From a distance, everything about King Gizzard & The Lizard Wizard seems like a gimmick: the goofy name; the preposterously psychedelic record and song titles; the album concepts (All the songs are the same length! All the songs run together in a continuous loop! Quarter-tone tuning!); and last year’s crowning stunt of releasing five albums in the span of 11 months. Yet unbelievably, none of those five albums sucked. The world’s most prolific band since 2012 or so seems to have an endless well of musical ideas ranging from decent to mind-blowing. They’re living proof that consigning oneself to a rigid artistic structure can serve to enhance rather than inhibit creativity. For their first-ever Milwaukee visit, the Australian seven-piece played to a sold-out crowd at the Pabst Theater Saturday night, and they were received like conquering heroes.
The place was already packed when opening act Amyl and the Sniffers took the stage around 8:30. Snarling Aussie punk that’s akin to what Cosmic Psychos’ first few rehearsals might’ve sounded like, there was nothing precise or polished about their performance, and it was invigorating. They even got a handful of fans in the pit thrashing around a bit. Vocalist Amy Taylor danced and pogoed and writhed on the stage floor and taught us all how best to insult someone if we ever find ourselves in her homeland. There was nothing original about the band’s sound, and nothing at all wrong with that. Rarely have we witnessed a weekend crowd so thoroughly engaged in the opening band’s set.
The headliners emerged and bantered nonchalantly for a minute before launching into “Rattlesnake,” probably their most-played tune on local airwaves. Its propulsive rhythm got the crowd on its feet and moving. Most King Gizzard songs aren’t so easy to dance to, but this one is in straight 4/4 time and irresistible. The setlist grouped songs from various albums together, drawing primarily from last year’s onslaught of material (excluding mellow jazz-ish offering Sketches of Brunswick East), but they occasionally referenced older stuff as well. Gizzard songs tend to run together on albums, and there are musical and lyrical motifs that appear across multiple releases. Adding to the band’s mythological puzzle, they like to toss song fragments in between and inside live jams, which included significant portions of “Cellophane” and “Hot Water” (from 2014’s I’m In Your Mind Fuzz) and probably others on this night, much to the delight of a sizable contingency of diehards in attendance.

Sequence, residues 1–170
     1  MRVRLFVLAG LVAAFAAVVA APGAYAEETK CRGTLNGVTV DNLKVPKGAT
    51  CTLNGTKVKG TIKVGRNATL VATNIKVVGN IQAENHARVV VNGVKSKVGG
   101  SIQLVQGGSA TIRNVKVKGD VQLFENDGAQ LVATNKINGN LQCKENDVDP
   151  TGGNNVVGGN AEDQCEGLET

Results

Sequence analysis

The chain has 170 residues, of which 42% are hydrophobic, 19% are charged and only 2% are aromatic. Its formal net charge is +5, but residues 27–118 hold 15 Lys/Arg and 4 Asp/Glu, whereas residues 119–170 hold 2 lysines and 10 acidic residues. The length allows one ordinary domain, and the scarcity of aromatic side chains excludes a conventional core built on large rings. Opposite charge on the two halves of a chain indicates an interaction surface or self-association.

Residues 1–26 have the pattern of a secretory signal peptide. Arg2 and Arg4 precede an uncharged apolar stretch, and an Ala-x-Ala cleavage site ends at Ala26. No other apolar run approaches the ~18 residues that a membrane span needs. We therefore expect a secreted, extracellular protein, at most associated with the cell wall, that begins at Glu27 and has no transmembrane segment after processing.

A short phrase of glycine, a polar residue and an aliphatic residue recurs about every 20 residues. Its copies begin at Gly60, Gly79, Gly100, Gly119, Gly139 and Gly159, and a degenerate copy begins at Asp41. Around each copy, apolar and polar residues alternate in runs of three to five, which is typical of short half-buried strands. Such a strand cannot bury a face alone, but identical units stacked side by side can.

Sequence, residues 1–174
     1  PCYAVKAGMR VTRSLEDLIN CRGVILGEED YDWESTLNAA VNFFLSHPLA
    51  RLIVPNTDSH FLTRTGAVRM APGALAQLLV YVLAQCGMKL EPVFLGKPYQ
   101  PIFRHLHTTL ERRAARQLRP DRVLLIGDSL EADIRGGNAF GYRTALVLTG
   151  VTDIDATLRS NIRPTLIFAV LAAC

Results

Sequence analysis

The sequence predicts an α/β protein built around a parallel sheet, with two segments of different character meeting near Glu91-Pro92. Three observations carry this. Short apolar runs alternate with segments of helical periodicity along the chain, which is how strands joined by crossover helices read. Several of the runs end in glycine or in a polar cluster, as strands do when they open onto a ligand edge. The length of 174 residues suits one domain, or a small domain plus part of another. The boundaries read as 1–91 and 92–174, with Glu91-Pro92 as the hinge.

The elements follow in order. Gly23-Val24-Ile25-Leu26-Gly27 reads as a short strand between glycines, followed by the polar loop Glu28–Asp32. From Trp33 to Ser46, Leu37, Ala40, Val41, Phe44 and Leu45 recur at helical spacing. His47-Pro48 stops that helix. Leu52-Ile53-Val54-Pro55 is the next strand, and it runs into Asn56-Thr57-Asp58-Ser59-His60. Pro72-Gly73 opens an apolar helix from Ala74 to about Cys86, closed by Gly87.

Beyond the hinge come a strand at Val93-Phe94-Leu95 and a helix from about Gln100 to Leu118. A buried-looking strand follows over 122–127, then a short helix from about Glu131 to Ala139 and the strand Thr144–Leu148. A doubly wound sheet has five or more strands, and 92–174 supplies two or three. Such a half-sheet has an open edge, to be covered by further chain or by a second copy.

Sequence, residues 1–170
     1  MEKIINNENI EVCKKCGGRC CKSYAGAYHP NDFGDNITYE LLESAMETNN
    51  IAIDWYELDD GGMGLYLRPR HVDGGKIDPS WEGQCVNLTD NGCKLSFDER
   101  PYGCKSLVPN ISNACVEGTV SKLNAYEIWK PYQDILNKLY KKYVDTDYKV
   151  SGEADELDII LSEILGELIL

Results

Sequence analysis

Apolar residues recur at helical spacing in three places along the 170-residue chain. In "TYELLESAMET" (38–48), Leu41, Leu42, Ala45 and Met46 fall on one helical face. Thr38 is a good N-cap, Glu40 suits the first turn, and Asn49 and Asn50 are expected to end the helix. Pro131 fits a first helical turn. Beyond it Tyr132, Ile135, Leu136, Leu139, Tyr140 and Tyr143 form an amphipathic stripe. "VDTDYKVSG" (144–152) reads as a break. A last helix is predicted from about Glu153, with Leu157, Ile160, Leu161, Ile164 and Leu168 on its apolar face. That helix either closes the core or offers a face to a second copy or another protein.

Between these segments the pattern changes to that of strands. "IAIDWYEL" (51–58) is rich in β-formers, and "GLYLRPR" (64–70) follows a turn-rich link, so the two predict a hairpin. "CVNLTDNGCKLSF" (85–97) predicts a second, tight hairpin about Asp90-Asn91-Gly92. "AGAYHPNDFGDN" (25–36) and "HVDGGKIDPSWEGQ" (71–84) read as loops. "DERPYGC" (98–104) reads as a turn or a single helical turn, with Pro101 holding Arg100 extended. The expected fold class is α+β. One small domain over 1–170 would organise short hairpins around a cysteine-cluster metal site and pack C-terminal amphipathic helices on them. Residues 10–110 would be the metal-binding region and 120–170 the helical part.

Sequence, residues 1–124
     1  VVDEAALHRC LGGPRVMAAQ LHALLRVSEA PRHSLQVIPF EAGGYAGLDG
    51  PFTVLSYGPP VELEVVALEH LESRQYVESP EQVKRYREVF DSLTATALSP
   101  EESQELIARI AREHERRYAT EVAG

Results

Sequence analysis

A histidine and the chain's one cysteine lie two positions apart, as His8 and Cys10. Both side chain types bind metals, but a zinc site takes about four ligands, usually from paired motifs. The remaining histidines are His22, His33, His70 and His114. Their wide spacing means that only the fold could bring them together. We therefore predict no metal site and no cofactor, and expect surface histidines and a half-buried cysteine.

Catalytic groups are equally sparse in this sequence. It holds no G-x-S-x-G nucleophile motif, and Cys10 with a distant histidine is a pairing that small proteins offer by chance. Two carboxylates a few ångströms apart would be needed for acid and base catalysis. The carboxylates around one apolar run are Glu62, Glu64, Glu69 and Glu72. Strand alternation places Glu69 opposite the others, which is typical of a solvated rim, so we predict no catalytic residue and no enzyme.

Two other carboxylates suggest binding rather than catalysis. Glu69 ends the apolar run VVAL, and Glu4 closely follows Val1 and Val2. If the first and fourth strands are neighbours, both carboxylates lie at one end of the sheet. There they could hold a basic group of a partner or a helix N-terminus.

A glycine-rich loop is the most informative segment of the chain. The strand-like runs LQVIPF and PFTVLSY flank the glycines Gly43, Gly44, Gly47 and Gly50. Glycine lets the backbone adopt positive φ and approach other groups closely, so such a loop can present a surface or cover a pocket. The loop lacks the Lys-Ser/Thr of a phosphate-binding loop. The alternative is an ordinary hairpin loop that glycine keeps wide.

The meat of the set featured some of the band’s more dizzying, mathematical pieces. The dynamic shifts of “The Lord Of Lightning” were exaggerated to dramatic effect, and the polyrhythmic maze of “The Fourth Colour” was even more impressive when able to watch as drummers Michael Cavanagh and Eric Moore stayed perfectly in synch. There was a surprising amount of improvisation given the unorthodox rhythms and often serpentine compositions that Gizzard favors. Even played straight, there’s something to be said for complicated songs played expertly, and while Gizzard can justifiably be tagged as prog, they get too fast and noisy to embody the usual preconceptions that term evokes.
Following an exhausting trio of songs from Nonagon Infinity came the night’s biggest surprise: a stretched-out journey through “The River,” from 2015’s somewhat overlooked Quarters! album. The band cranked up the krautrock influence, turning the breezy tune into an intense, pulsing drone at times, fading almost to nothing in between sections. It brought to mind the heyday of dearly-departed local acts like Catacombz and Worrier, and that year or two when meditative psych/post-punk seemed to be gaining a foothold on the local scene. Maybe Milwaukee has been craving a resurgence in this style. You would’ve thought King Gizzard were local boys made good by the response they got. A hip, modern indie band that has the crowd on its feet the whole show, moving to the music, roaring in appreciation? Inconceivable!